Editorial: Are we there yet? Pushing the boundaries of endonasal surgery into the brainstem

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  • 1 Associate Editor-in-Chief, Neurosurgical Focus: Video;Department of Neurosurgery, Indiana University, Indianapolis; and
  • 2 The Neurosurgical Atlas, Indianapolis, Indiana
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Innovation distinguishes between a leader and a follower

This quote by Steve Jobs has defined the most admired surgeons in our discipline. Innovation fueled by surgical intelligence can expand the reach and performance of surgery beyond what was once considered possible. Endonasal surgery has shepherded skull base surgery into an era in which some of the radical open skull base exposures have been replaced with minimally invasive endonasal corridors, resulting in the concept of operative space being replaced by operative angle.

The video titled the “Endoscopic Transnasal Resection of the CP Angle Schwannoma” by Kiyofuji and colleagues in this issue of Neurosurgical Focus: Video demonstrates an effort to push the boundaries of endonasal surgery for resection of an intradural lateral brainstem tumor. Although the retromastoid approach would have provided reasonable exposure of this lesion and potentially more aggressive resection while placing the VI nerve at less risk, the authors chose the endonasal route and were able to achieve a good result. In this video, the limitations of microsurgical instrumentation in carrying out intradural microsurgery within lateral trajectories in this operative space are evident. The angles of freedom become progressively more restrictive and challenge the microsurgical prowess of the surgeon to achieve maximal resection.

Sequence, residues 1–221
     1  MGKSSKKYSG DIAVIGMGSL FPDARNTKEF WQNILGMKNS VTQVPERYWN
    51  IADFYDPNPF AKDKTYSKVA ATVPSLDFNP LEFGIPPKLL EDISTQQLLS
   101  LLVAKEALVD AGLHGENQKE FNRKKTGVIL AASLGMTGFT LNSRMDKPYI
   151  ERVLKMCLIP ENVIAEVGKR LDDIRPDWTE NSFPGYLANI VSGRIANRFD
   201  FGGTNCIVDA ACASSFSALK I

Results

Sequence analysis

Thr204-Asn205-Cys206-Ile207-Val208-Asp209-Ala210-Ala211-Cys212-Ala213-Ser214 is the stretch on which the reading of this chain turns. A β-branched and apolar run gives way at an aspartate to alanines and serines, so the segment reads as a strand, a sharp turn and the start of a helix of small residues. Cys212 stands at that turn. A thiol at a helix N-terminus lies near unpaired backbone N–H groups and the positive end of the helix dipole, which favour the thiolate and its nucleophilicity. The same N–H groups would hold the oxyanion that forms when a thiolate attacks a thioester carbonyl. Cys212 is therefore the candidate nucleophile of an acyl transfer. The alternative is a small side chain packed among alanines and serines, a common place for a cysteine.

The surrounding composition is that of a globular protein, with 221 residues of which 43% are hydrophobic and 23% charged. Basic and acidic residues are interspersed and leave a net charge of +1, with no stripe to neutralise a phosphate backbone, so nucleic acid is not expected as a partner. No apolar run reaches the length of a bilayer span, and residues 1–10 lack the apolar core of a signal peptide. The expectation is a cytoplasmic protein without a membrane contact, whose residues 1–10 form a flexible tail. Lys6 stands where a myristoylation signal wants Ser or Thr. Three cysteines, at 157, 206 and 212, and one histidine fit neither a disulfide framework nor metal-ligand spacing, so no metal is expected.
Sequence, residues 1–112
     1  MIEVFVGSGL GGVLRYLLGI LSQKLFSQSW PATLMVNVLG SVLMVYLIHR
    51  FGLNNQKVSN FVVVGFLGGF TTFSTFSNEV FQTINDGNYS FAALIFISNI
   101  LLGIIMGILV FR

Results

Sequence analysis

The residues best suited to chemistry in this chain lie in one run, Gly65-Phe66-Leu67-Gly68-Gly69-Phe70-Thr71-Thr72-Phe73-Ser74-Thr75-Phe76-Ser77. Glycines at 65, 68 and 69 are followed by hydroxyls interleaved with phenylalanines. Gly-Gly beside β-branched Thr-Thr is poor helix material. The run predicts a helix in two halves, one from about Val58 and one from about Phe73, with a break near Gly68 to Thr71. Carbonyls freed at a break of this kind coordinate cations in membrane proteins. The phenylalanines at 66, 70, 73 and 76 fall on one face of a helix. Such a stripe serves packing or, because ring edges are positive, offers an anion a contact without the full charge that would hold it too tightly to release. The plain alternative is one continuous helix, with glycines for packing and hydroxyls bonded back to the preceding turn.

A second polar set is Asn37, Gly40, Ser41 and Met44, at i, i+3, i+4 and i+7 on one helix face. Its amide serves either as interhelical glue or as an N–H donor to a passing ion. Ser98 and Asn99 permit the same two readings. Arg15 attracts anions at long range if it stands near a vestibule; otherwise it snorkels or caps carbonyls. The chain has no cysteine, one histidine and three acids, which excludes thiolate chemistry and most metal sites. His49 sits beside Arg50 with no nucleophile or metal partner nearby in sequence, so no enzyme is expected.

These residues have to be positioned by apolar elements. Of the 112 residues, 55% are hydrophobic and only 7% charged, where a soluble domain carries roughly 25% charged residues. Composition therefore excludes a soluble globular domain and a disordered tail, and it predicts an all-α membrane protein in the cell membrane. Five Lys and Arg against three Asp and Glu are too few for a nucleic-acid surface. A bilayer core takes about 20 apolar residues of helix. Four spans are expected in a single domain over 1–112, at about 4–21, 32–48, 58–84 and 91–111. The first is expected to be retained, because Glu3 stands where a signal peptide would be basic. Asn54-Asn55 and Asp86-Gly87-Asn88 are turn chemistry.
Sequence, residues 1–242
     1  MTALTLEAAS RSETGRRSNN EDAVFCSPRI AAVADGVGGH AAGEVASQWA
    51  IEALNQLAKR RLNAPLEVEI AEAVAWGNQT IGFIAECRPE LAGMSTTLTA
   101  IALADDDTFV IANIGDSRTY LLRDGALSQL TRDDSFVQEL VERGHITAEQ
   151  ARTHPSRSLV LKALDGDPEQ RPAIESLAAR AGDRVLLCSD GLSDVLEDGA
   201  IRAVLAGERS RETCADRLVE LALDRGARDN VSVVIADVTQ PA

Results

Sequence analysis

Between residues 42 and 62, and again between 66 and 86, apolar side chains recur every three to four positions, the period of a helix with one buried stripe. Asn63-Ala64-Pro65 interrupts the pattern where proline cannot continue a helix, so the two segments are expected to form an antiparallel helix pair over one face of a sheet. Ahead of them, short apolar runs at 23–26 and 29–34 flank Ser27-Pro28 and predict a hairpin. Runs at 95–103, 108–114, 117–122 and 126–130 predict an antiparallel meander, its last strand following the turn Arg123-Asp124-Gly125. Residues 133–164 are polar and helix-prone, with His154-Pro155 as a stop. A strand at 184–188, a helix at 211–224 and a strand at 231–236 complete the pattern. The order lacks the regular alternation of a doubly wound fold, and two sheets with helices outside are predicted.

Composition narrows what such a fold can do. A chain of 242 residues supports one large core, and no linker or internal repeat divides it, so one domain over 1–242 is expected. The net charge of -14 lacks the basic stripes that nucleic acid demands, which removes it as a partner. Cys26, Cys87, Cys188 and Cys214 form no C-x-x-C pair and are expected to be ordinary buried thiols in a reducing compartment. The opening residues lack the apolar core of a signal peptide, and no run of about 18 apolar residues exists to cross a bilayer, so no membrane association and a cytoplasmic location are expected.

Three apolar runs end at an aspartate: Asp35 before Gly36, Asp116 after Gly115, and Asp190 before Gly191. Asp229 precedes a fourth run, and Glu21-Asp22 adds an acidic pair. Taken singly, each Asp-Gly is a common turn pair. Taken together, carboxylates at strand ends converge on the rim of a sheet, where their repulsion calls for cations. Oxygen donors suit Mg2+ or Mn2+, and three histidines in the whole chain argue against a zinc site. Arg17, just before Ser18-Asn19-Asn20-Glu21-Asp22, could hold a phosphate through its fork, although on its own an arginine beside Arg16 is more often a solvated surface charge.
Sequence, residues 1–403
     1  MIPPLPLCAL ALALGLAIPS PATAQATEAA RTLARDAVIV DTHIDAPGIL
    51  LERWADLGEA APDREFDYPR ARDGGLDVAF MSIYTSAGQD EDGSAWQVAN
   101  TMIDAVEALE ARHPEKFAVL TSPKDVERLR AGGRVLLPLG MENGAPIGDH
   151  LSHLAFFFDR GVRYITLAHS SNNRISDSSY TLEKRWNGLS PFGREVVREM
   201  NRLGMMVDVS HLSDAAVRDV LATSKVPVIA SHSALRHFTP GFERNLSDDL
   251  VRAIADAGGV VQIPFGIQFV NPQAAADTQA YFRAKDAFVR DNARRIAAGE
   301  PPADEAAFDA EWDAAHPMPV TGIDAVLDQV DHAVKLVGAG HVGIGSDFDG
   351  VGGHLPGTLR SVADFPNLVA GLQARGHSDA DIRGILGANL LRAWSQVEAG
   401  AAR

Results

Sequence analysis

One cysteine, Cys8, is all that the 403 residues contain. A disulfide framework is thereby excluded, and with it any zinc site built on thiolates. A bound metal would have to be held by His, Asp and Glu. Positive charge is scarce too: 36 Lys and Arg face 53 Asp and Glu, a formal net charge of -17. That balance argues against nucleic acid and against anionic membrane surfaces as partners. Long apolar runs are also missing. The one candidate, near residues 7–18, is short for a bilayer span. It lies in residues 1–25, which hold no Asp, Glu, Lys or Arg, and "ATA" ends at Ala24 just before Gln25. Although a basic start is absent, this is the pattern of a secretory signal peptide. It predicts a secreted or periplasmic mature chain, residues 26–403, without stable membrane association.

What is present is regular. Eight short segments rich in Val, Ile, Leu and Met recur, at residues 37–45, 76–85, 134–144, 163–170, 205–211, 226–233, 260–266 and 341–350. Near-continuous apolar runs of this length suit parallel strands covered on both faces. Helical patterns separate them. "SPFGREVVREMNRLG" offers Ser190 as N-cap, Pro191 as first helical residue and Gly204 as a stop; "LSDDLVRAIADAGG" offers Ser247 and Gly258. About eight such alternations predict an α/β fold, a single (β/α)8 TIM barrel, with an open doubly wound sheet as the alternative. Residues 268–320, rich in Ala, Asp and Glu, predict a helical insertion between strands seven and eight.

Pushing the boundaries of minimally invasive surgical approaches at the expense of increased technical difficulty and its yield of resection frequently haunts us. Our ability to resect brainstem lesions via endonasal approaches is at its early stages and requires further evolution of endoscopic microinstrumentation and development of objective selection criteria. Ultimately, the operation is not only about how to get there but also, more importantly, about what to do when you are there. I am thankful to Dr. Kiyofuji and colleagues for their thought-provoking video.

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Contributor Notes

Correspondence Aaron A. Cohen-Gadol, Indiana University, Indianapolis, IN. acohenmd@gmail.com.

ACCOMPANYING ARTICLE DOI: 10.3171/2020.4.FocusVid.19891.

INCLUDE WHEN CITING Published online April 1, 2020; DOI: http://thejns.org/doi/abs/10.3171/2020.4.FocusVid.2020

Disclosures The author reports no conflict of interest concerning the materials or methods used in this study or the findings specified in this article.

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